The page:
The Day After


We know how the election looks to you. How did it look to the people responsible for it? From the November 6 issue of the New Dem Daily, the newsletter of the Democratic Leadership Council, the folks who brought you centrism: “You don’t really need exit polls to understand that Democrats, especially at the congressional level, need a new, clear message, that is positive, centrist, but unmistakably distinct from that of the Republican Party or the President.” If anyone can tell me how a message can be both centrist and unmistakably distinct, I’d like to have lunch with you. Maybe we could go to Chili’s–I hear their chicken wings, while similar to those served at Hooter’s, have a certain unmistakable distinction to them. I can see the 2004 campaign now: “Vote Democrat–Centrist, but Unmistakably Distinct.” I’m sorry, are we selling politicians here, or boxes of pink wine?

It’s high time, the New Dem Daily continues, to get rid of the mantra of the last four cycles–”prescription drugs, yes; jeopardize social security, no”–and come up with something new. The problem is, when your game plan calls for sticking to the center at all costs, tinkering with benefit programs is all you can talk about. But here’s the part that will really curl your toes: Walter Mondale’s loss in Minnesota was a “hard-to-miss rebuke to the base-mobilization strategy for a Democratic future.” In other words, running to the left cost us a senate seat in Minnesota. But wait, prior to his plane going down in the snow and ice, wasn’t Paul Wellstone winning the race by doing just that? The man had won two U.S. Senate elections already without setting foot in the center. But running as a progressive in a state that is not safely Democratic simply does not compute in the DLC’s political mainframe. Well, to paraphrase the Luddite general in the movie “War Games”: After careful consideration, some of us have come to the conclusion that the Democrats’ new computer sucks.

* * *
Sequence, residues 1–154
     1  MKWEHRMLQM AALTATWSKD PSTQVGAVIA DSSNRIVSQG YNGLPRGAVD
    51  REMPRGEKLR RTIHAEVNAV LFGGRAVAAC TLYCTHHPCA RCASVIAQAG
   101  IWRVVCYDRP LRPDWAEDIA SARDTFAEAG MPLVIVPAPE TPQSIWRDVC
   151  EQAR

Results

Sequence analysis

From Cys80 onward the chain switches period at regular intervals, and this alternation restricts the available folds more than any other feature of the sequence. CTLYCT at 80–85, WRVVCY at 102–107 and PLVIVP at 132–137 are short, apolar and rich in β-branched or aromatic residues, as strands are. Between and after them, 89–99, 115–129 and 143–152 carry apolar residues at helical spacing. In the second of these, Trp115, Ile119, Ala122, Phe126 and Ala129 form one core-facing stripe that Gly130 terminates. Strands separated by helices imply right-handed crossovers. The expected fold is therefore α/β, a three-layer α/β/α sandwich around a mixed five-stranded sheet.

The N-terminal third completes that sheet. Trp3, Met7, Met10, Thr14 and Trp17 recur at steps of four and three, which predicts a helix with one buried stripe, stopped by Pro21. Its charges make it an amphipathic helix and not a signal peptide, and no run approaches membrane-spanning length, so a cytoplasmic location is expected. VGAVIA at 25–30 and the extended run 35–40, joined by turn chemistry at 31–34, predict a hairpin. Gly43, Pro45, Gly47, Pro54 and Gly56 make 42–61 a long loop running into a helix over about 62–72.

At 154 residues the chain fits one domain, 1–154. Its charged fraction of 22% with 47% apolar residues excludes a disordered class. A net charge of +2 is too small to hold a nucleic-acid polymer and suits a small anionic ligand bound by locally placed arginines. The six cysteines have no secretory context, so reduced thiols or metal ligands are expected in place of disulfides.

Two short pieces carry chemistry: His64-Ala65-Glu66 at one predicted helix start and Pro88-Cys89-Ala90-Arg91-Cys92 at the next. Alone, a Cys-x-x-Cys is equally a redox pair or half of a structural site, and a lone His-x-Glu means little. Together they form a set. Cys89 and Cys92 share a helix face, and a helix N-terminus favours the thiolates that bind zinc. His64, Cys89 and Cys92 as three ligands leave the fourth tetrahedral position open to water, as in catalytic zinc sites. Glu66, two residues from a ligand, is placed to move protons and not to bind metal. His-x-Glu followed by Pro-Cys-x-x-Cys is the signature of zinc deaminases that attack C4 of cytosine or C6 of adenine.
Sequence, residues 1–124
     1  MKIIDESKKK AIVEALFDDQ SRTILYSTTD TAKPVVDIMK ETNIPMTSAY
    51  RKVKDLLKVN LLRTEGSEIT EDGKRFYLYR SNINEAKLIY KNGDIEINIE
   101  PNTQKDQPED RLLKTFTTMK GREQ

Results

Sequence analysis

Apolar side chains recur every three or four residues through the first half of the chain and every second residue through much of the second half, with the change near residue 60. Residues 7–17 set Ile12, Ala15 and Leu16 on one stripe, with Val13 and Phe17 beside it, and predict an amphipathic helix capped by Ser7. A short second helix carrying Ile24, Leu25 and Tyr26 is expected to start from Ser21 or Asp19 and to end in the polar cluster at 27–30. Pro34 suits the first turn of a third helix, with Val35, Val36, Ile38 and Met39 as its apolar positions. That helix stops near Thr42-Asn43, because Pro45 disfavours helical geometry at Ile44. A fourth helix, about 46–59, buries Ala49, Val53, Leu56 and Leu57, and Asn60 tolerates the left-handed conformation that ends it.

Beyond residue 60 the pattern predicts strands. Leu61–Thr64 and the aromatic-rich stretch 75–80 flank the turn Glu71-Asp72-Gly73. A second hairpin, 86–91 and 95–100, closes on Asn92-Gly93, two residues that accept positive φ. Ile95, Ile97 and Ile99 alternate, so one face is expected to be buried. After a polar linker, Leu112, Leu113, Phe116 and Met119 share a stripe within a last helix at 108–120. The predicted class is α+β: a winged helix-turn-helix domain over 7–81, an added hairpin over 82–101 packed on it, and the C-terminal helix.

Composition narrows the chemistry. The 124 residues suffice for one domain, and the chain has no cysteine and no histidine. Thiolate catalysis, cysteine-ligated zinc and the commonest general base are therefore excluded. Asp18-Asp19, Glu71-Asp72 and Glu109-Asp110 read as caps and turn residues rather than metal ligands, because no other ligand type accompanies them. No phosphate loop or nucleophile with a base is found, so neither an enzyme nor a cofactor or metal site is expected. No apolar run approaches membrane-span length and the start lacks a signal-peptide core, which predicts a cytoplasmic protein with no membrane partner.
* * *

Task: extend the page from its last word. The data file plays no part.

Here in Texas, as Jake Bernstein explains this issue, the trouble wasn’t so much that the Democrats ran away from their base; it was more a misunderstanding of what their base was looking for. To be sure, the ethnic composition of the ticket spoke to a vision of civil rights and equality that appeals to the party faithful. But you can’t eat a vision, and the faithful like their soup with a little meat in it. There simply wasn’t that much separating the message of the two tickets, and that’s why the Democratic base–union members, African Americans, environmentalists, and Latinos–didn’t turn out in the numbers the Sanchez team was promising. Leaving aside the phenotype factor, what you had in this race was a banker, a corporate lobbyist, and a fiscally conservative wonk versus a rancher with good hair, a corporate lawyer, and an energy magnate who happens to be a weirdo. Which perhaps explains why only 35 percent of registered voters bothered to vote at all. Keep in mind that not all eligible voters are registered, so the turnout was more like 25 percent of your fellow adult Texans (the ones who are citizens, anyway). A little more than 14 percent of your neighbors liked Rick Perry better, so he’s the governor. Think you can do better than that? Odds are Tony Sanchez won’t be trying this again, John Sharp has announced he won’t be around next time, and there’s a whole posse calling for the head of the state’s leading (using that term loosely) Democratic consultants. There’s a party waiting for you. Do you want it? –N.B.